Format

Send to

Choose Destination
See comment in PubMed Commons below
J Biomol Screen. 2013 Jun;18(5):599-609. doi: 10.1177/1087057113475480. Epub 2013 Feb 8.

Screening β-arrestin recruitment for the identification of natural ligands for orphan G-protein-coupled receptors.

Author information

1
Medical Research Council Technology, Centre for Therapeutic Discovery, London, UK. craig.southern@tech.mrc.ac.uk

Abstract

A variety of G-protein-coupled receptor (GPCR) screening technologies have successfully partnered a number of GPCRs with their cognate ligands. GPCR-mediated β-arrestin recruitment is now recognized as a distinct intracellular signaling pathway, and ligand-receptor interactions may show a bias toward β-arrestin over classical GPCR signaling pathways. We hypothesized that the failure to identify native ligands for the remaining orphan GPCRs may be a consequence of biased β-arrestin signaling. To investigate this, we assembled 10 500 candidate ligands and screened 82 GPCRs using PathHunter β-arrestin recruitment technology. High-quality screening assays were validated by the inclusion of liganded receptors and the detection and confirmation of these established ligand-receptor pairings. We describe a candidate endogenous orphan GPCR ligand and a number of novel surrogate ligands. However, for the majority of orphan receptors studied, measurement of β-arrestin recruitment did not lead to the identification of cognate ligands from our screening sets. β-Arrestin recruitment represents a robust GPCR screening technology, and ligand-biased signaling is emerging as a therapeutically exploitable feature of GPCR biology. The identification of cognate ligands for the orphan GPCRs and the extent to which receptors may exist to preferentially signal through β-arrestin in response to their native ligand remain to be determined.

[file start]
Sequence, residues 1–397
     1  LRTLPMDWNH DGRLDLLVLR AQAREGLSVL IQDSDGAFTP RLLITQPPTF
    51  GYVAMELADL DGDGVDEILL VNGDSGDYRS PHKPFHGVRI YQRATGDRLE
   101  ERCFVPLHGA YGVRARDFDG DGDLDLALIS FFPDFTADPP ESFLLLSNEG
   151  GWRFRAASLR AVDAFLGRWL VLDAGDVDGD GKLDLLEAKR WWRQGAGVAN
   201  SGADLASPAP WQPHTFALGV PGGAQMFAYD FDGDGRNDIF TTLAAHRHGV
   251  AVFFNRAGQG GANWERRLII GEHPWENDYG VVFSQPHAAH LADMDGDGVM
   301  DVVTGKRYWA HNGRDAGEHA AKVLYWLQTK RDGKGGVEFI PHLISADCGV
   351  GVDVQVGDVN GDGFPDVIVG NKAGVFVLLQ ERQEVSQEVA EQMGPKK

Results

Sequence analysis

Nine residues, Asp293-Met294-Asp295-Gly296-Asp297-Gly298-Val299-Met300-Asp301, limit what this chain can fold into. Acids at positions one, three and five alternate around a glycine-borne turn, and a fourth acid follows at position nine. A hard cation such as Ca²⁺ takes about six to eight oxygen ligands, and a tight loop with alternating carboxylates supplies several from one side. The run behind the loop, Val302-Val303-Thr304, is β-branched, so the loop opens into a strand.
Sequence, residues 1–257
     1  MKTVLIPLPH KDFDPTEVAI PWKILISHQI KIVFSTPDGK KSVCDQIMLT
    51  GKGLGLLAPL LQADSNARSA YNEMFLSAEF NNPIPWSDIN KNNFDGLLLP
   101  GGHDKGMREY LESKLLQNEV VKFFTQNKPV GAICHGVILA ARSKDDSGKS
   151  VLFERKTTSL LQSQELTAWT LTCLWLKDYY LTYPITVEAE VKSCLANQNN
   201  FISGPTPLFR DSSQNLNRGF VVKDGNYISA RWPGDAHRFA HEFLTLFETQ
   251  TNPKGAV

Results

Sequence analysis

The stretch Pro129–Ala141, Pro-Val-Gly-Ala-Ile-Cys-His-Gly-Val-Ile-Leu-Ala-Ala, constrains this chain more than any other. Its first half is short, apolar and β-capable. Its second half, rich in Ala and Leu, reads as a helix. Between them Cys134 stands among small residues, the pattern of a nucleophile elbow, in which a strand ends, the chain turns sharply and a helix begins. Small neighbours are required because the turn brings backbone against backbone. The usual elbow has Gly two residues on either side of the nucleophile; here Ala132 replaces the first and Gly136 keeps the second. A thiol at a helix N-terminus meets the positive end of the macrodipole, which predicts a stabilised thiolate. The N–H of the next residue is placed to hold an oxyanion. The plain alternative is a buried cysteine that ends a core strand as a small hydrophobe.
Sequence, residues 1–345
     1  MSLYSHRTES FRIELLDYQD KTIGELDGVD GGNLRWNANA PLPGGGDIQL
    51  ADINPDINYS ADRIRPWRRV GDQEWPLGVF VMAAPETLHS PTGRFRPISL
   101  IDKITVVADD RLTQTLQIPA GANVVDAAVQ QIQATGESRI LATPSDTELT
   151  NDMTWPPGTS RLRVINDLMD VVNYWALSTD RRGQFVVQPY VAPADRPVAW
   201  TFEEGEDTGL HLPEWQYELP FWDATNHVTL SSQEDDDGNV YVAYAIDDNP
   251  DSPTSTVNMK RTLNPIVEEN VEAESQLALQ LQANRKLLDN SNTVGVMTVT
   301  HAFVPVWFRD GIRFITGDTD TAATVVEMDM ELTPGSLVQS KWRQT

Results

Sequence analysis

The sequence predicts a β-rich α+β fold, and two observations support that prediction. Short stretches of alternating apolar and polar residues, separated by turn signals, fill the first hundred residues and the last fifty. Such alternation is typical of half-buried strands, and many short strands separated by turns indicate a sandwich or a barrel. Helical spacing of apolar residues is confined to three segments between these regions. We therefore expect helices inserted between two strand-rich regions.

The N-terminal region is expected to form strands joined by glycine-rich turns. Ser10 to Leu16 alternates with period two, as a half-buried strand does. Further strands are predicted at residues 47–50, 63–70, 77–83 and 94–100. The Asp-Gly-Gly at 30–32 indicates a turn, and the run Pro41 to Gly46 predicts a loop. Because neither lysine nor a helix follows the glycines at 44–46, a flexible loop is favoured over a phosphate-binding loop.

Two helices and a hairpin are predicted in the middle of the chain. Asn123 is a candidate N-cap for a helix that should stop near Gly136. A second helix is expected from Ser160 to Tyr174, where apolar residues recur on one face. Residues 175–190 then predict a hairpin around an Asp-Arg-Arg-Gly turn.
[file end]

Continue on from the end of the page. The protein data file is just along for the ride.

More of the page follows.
KEYWORDS:

natural ligand; orphan G-protein–coupled receptor; β-arrestin recruitment

PMID:
23396314
DOI:
10.1177/1087057113475480
[Indexed for MEDLINE]

LinkOut - more resources

Full Text Sources

Molecular Biology Databases

PubMed Commons home

PubMed Commons

0 comments
How to join PubMed Commons

    Supplemental Content

    Full text links

    Icon for Atypon
    Loading ...
    Support Center